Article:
Monday, March 24, 1997
City pitches in
to bail out neighbors

Williamstown residents
help flood victims

The Cincinnati Enquirer

WILLIAMSTOWN - When floodwaters began swallowing Falmouth, Cynthiana, Warsaw and other cities, local cable employees began a project to document the Flood of '97.

''We have it when it was flooded and when the water receded,'' Williamstown Street Superintendent Bill Marksberry said. ''We want to show the people here so they realize how bad it is.''

Many Grant County residents already know.

Hundreds volunteered their time and resources to help people in neighboring communities.

''When you've got counties around you and all of them with major problems, we were really the only ones left,'' Mr. Marksberry said.

Almost immediately the city building was turned over to the state Disaster Emergency Services for a dispatching system.

The firehouse became ''donation central,'' and volunteers poured in.

''We went in five or six different directions,'' Fire Chief Mark Courtney said. ''People just came with pickup trucks here and went wherever they were needed to go.''

Supplies and water were taken to Butler, Falmouth, Cynthiana, Carroll County, Warsaw, Sparta, Monterey and dozens of other flood-plagued locations.

Operations out of the firehouse went around the clock for seven days straight.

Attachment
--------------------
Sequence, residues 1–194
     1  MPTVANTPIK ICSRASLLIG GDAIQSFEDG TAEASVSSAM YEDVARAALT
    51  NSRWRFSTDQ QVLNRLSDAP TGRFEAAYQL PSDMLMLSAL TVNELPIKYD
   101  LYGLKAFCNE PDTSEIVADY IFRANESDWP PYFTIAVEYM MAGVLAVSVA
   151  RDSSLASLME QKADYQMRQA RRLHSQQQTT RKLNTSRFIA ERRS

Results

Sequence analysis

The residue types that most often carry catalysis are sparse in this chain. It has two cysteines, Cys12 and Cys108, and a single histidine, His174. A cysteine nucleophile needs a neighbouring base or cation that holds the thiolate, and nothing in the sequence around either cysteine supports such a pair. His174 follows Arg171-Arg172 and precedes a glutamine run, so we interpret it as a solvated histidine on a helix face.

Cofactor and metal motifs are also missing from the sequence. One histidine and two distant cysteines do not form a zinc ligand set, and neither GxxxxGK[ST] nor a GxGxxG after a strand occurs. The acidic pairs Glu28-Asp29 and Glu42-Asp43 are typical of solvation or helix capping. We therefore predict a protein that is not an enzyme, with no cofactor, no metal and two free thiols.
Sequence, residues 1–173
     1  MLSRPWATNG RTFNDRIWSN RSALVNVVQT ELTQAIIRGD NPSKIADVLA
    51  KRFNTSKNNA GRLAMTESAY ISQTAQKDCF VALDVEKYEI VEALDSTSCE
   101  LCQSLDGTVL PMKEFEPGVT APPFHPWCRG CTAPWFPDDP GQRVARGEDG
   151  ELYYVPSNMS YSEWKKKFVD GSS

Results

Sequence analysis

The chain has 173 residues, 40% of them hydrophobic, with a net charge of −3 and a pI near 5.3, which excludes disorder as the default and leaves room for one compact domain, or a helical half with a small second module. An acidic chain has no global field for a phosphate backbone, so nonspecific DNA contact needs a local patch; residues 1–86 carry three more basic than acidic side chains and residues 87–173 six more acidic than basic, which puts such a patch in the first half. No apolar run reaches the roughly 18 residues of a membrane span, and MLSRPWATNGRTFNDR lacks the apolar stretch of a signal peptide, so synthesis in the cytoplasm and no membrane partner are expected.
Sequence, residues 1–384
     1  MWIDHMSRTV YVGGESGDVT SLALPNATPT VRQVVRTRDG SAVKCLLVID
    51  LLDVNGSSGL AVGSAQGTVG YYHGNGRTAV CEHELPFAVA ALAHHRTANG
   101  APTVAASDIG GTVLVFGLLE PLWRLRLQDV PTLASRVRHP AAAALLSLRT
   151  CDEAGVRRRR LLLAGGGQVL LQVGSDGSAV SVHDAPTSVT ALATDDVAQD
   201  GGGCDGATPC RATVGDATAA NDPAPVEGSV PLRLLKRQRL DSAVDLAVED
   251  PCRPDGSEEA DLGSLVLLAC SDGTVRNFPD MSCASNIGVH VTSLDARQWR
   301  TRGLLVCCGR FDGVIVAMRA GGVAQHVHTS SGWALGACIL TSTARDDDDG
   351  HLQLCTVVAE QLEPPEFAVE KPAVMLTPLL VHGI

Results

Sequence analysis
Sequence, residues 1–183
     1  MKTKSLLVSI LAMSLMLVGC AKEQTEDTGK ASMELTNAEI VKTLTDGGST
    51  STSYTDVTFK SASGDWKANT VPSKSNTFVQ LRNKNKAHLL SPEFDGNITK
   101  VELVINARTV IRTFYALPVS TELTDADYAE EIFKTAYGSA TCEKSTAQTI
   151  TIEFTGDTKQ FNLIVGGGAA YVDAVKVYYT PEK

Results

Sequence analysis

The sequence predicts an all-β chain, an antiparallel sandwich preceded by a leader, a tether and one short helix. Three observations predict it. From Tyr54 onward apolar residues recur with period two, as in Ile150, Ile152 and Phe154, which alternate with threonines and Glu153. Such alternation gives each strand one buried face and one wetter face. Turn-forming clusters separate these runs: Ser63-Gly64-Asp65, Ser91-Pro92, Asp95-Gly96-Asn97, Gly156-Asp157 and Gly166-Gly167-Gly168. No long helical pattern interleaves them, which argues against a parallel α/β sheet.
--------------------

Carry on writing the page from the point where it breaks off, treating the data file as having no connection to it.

Williamstown resident Jay O. Whitaker, 58, was one of the volunteers.

''I'm a cardiac patient, and all I've got is time,'' Mr. Whitaker said. ''Anywhere they would load up that little van of mine to go I would drive it.''

He said the efforts he saw in Grant County make him proud to live there. ''There's a lot more people that done a lot more than I did that will never be recognized.''

And even though it's been four weeks since the floods first struck, the help hasn't stopped.

Members of many Grant County churches take turns preparing meals and socializing with the 21 mentally challenged residents of Falmouth's Bennett Personal Care Home who have been living at the Williamstown Christian Church since March 3.

''It's not like home, and I miss my things, but this is nice,'' Linda Treadway said.

Meals on Wheels brings breakfast and lunch, and a different church cooks dinner each night.

''The whole community is giving them everything we can,'' Williamstown Christian member Cindy McGough said. ''We'll miss them when they leave.''